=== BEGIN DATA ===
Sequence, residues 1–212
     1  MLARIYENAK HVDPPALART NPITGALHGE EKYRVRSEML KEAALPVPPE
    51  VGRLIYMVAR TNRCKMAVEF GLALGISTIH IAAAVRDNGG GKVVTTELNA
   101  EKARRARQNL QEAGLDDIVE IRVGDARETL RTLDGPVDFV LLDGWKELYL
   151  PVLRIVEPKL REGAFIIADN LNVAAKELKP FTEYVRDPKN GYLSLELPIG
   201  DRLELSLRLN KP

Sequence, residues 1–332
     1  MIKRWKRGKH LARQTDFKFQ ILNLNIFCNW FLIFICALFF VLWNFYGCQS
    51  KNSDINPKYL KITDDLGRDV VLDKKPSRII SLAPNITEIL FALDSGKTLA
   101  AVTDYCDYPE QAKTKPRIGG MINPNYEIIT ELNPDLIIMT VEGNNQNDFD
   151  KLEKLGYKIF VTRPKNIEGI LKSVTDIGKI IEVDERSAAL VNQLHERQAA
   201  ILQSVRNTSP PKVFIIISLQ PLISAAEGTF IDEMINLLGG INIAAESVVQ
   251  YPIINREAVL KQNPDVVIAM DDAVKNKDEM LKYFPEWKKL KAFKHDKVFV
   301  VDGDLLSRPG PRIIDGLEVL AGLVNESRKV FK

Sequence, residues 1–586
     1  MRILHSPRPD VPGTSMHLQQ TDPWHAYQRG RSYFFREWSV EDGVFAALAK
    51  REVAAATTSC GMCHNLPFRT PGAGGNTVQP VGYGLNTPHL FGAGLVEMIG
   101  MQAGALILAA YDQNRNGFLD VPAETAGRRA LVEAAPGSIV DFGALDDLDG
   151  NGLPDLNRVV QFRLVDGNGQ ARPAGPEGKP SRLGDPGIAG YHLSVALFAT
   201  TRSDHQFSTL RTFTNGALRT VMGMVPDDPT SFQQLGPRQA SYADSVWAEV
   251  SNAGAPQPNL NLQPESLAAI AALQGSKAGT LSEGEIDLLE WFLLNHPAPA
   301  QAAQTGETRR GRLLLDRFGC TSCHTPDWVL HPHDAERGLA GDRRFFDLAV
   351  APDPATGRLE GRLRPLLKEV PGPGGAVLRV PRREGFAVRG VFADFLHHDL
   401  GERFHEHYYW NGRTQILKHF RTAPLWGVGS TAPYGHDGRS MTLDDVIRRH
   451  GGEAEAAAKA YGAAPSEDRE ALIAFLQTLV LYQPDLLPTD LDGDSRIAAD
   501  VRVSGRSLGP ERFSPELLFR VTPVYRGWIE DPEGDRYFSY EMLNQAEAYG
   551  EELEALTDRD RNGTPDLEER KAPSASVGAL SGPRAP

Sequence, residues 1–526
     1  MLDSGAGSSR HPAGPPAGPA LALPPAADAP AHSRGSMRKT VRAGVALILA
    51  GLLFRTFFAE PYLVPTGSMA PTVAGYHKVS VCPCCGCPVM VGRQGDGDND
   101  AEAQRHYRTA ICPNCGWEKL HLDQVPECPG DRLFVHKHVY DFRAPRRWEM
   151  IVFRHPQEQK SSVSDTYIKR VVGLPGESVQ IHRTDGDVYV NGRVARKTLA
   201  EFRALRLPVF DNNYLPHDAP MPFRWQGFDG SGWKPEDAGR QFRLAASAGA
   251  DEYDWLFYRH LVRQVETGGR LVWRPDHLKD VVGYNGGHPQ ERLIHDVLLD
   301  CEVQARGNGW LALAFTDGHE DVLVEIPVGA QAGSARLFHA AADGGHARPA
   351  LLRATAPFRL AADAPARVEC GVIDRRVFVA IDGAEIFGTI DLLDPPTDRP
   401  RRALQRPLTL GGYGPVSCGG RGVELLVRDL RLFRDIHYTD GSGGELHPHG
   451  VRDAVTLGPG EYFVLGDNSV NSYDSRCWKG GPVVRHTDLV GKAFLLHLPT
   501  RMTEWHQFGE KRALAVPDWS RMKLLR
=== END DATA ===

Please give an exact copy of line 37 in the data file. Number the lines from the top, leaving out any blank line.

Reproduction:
   401  RRALQRPLTL GGYGPVSCGG RGVELLVRDL RLFRDIHYTD GSGGELHPHG